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Endocrinol Metab. 2012 Jun;27(2):109-115. Korean. Review. https://doi.org/10.3803/EnM.2012.27.2.109
Choi HC .
Department of Pharmacology, Aging-associated Vascular Disease Research Center, Yeungnam University College of Medicine, Daegu, Korea. hcchoi@med.yu.ac.kr
Abstract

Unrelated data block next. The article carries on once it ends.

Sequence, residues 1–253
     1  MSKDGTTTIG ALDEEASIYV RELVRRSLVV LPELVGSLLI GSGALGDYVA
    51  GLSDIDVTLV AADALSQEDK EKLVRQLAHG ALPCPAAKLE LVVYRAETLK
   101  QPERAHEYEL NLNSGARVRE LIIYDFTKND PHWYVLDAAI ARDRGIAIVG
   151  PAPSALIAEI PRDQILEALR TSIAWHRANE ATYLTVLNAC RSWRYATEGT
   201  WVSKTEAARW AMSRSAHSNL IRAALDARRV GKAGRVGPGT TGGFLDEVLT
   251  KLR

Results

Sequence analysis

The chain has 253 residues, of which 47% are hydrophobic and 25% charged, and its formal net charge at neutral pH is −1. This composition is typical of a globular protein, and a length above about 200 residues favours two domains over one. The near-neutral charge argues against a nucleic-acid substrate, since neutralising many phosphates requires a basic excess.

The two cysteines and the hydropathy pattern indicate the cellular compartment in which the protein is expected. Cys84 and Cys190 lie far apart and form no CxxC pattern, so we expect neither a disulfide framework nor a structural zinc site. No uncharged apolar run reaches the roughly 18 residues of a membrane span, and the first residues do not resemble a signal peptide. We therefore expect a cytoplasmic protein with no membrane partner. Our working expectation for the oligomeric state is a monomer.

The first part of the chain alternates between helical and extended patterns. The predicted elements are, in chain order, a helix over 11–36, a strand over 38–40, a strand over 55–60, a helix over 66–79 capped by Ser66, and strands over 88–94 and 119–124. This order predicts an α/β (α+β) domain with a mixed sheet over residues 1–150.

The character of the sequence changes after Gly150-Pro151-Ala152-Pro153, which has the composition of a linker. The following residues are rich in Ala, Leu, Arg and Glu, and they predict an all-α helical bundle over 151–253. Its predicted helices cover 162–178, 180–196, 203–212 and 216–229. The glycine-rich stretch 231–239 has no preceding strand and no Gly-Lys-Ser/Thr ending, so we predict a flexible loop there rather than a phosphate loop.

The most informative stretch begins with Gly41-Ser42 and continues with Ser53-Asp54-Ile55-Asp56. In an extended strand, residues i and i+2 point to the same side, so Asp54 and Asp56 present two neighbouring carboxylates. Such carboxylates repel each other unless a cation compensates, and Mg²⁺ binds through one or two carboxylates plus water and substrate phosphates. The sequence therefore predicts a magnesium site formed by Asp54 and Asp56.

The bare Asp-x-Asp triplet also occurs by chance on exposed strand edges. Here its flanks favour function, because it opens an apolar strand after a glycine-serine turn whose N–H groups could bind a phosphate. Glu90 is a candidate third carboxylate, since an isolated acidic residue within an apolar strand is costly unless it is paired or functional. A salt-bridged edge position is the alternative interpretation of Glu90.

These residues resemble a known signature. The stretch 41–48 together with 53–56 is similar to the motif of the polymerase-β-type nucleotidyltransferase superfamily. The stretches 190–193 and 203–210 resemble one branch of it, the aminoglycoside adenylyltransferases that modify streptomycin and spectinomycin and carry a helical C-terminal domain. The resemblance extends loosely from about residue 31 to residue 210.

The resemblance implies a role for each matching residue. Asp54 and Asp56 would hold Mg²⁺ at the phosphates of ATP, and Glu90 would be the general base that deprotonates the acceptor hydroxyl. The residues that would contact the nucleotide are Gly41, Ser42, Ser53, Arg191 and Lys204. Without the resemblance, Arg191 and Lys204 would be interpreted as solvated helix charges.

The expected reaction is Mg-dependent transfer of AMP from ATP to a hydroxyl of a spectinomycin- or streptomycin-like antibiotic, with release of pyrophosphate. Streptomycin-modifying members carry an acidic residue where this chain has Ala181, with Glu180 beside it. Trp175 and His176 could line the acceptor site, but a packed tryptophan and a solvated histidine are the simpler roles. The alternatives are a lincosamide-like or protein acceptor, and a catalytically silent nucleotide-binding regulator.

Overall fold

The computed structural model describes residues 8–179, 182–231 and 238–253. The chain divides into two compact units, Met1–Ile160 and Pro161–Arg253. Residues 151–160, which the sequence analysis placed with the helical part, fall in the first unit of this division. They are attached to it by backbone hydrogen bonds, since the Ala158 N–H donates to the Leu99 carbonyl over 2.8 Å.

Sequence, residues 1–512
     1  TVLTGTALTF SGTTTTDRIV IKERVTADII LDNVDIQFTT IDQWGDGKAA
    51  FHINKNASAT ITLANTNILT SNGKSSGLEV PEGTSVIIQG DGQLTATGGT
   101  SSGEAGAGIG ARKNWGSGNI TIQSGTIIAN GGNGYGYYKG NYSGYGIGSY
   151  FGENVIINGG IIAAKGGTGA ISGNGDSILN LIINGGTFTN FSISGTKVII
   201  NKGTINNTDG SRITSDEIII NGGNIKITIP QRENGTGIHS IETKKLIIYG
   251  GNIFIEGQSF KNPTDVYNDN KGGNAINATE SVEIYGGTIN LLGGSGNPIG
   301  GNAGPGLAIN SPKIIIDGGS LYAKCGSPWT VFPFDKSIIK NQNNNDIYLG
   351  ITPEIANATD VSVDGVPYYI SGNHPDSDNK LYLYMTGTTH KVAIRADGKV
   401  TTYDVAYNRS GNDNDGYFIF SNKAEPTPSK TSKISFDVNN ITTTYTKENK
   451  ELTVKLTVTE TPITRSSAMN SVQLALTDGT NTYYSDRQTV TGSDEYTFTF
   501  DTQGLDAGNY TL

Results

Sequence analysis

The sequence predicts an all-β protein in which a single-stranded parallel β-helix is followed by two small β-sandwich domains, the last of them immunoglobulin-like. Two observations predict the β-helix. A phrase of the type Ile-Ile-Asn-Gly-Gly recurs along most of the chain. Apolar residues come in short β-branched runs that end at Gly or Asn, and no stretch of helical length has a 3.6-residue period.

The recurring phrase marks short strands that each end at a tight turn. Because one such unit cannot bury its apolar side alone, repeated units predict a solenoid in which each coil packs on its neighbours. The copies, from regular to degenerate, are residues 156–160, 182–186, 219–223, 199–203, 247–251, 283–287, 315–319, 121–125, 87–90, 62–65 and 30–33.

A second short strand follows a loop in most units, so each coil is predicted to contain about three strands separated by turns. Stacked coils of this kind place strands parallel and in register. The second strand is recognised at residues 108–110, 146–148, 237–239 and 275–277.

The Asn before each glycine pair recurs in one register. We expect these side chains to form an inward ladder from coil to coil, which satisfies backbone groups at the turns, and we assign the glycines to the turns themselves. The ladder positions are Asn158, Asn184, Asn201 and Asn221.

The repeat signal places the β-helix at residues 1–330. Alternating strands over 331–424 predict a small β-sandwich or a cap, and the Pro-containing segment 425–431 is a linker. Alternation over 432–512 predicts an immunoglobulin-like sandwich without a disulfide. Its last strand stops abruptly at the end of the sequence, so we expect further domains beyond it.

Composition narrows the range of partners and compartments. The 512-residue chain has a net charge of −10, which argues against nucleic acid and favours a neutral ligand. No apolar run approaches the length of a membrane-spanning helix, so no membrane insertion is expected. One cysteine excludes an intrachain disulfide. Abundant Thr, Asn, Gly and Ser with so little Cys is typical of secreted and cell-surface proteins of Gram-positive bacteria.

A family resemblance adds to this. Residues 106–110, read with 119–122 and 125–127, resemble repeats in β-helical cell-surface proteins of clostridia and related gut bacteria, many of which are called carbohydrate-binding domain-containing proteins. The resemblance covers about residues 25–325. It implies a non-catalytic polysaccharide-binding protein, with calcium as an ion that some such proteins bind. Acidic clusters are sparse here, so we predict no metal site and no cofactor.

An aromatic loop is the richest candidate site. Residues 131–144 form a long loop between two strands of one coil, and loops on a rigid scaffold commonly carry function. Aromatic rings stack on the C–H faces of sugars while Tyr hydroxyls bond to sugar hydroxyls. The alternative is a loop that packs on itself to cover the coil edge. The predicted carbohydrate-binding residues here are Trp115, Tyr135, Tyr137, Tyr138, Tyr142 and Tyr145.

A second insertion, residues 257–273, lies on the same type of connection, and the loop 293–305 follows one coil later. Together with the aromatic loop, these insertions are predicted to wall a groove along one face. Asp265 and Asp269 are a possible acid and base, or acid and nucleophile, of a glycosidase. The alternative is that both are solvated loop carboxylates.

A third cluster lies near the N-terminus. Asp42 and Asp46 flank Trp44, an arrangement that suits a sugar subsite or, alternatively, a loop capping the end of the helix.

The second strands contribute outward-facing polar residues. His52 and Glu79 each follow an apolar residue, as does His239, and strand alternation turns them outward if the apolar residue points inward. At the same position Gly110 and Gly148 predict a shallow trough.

AMP-activated protein kinase (AMPK) is an important cellular fuel sensor. Activation of AMPK requires phosphorylation at threonine (Thr)-172, which resides in the activation loop of the alpha1 and alpha2 subunits. Several AMPK upstream kinases are capable of phosphorylating AMPK at Thr-172, including LKB1 and CaMKKbeta. AMPK has been implicated in the regulation of physiological signals, such as inhibition of cholesterol, fatty acid, protein synthesis, and enhancement of glucose uptake and blood flow. AMPK activation also exhibits several salutary effects on vascular function and improves vascular abnormalities. AMPK is activated by numerous drugs and xenobiotics. Some of these are in clinical use for the treatment of type 2 diabetes (e.g., metformin and thiazolidinediones), hypertension (e.g., nifedipine and losartan), and impaired blood flow (e.g., aspirin, statins, and cilostazol). Plant-derived xenobiotics or nutraceuticals that were claimed to have health benefits in diabetes or cancer have been reported to activate AMPK. These include resveratrol from red wine, epigallocatechin gallate from green tea, capsaicin from peppers, berberine, which is a yellow dye of the genus berberis, genistein from soy bean, and ginsenoside from ginseng panax. AMPK is also modulated by numerous hormones and cytokines that regulate energy balance at the whole body level, including leptin, adiponectin, ghrelin, and even thyroid hormones. This work shows that the precise mechanisms of AMPK kinase and AMPK interaction.

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